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Purpose There is accumulating evidence that oxidative stress is an important contributor to carcinogenesis. We hypothesized that genetic variation in genes involved in maintaining antioxidant/ oxidant balance would be associated with overall oxidative stress.

Methods We examined associations between single nucleotide polymorphisms (SNPs) in MnSOD, GSTP1, GSTM1, GPX1, GPX3, and CAT genes and thiobarbituric acid-reactive substances (TBARS), a blood biomarker of oxidative damage, in healthy white women randomly selected from Western New York (n = 1402). We used general linear models to calculate age-adjusted geometric means of TBARS across the variants. We also examined the associations within strata of menopausal status.

Results For MnSOD, being heterozygous was associated with lower geometric means of TBARS (less oxidative stress), 1.28 mg/dL, compared to homozygous T-allele or homozygous Callele, 1.35 mg/dL, and 1.31 mg/dL correspondingly (p for trend = 0.01). This difference remained among postmenopausal women, 1.40 mg/dL for TT, 1.32 mg/dL for TC, and 1.34mg/dL for CC (p for trend 0.015); it was attenuated among premenopausal women. SNPs in the other genes examined (GSTP1, GSTM1, GPX1, GPX3, and CAT) were not associated with TBARS.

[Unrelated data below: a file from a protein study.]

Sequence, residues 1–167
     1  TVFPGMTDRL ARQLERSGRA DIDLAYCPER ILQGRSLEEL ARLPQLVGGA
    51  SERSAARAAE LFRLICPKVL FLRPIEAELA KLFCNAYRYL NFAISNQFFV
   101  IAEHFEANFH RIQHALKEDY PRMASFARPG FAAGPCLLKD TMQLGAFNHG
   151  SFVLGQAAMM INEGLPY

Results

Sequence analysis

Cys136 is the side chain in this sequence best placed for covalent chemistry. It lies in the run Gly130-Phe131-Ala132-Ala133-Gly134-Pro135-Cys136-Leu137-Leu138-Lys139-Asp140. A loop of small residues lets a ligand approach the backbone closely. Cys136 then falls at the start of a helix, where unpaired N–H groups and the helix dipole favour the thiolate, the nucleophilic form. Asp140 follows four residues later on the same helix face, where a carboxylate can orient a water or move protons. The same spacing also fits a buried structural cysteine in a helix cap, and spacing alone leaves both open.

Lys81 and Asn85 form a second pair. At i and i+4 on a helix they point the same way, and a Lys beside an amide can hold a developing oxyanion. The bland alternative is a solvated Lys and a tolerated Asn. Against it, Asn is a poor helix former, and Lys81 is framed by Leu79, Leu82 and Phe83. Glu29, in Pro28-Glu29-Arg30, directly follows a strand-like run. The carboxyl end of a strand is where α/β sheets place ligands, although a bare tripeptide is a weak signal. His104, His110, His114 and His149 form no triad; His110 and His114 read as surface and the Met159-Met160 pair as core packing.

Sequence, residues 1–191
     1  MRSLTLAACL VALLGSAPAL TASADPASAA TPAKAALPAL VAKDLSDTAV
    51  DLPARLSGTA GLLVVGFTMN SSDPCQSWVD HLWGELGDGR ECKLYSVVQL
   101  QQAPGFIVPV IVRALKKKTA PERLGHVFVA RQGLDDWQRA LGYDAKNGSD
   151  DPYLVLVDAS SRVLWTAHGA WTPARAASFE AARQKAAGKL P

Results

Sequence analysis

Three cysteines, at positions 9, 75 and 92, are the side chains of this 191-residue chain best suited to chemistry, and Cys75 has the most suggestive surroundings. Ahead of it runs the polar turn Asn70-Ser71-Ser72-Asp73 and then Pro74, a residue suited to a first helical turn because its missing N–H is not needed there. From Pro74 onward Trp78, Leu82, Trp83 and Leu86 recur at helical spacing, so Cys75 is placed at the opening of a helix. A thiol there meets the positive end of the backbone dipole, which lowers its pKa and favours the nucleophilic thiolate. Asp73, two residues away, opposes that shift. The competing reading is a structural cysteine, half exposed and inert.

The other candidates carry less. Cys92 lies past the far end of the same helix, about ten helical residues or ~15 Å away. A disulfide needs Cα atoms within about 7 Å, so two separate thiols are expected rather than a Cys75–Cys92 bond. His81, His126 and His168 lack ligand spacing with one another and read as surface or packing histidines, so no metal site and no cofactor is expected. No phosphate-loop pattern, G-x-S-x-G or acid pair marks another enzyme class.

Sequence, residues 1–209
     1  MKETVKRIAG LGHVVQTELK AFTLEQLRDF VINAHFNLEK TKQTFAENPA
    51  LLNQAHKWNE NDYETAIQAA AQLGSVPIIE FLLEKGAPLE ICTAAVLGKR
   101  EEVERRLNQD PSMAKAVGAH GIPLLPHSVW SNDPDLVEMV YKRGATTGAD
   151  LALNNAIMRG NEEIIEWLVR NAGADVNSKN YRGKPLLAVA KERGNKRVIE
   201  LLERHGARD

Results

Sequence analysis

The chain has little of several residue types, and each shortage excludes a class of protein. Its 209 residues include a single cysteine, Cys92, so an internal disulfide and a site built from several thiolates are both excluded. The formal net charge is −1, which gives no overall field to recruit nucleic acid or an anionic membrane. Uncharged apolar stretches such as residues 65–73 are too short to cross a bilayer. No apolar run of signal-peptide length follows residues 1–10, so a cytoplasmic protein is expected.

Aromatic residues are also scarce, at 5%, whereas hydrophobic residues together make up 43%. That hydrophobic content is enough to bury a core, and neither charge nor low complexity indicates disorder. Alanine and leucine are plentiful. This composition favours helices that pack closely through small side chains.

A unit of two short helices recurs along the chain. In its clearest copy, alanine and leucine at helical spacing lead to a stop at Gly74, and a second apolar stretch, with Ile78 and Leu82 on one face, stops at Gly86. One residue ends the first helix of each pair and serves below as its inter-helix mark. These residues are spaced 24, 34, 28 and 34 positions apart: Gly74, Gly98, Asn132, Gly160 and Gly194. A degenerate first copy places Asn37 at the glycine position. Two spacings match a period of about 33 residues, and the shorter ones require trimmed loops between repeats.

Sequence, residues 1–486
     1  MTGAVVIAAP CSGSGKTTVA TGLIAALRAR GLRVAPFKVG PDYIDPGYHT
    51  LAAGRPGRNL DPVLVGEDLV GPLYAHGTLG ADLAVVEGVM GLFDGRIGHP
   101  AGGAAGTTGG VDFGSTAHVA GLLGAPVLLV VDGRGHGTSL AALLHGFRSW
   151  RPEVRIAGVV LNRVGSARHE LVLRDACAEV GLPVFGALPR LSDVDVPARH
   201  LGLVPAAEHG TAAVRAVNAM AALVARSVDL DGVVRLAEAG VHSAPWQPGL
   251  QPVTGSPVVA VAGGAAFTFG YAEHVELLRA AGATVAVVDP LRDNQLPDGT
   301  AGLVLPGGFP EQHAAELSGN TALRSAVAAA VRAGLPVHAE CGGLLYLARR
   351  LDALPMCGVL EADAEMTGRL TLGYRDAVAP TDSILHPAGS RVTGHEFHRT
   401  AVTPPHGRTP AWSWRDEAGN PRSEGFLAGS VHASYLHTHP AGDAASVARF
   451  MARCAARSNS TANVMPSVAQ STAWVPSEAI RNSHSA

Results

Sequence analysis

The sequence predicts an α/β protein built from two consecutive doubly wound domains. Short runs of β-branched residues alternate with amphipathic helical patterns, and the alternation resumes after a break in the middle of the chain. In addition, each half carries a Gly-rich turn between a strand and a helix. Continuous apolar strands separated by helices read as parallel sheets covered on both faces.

Conclusions Our findings suggest that genetic variation in MnSOD gene may be associated with oxidative status, particularly among postmenopausal women.


This article was originally published in PLoS ONE, available at doi:10.1371/journal.pone.0156450.

This is an open access article distributed under the terms of the Creative Commons 4.0 International License.



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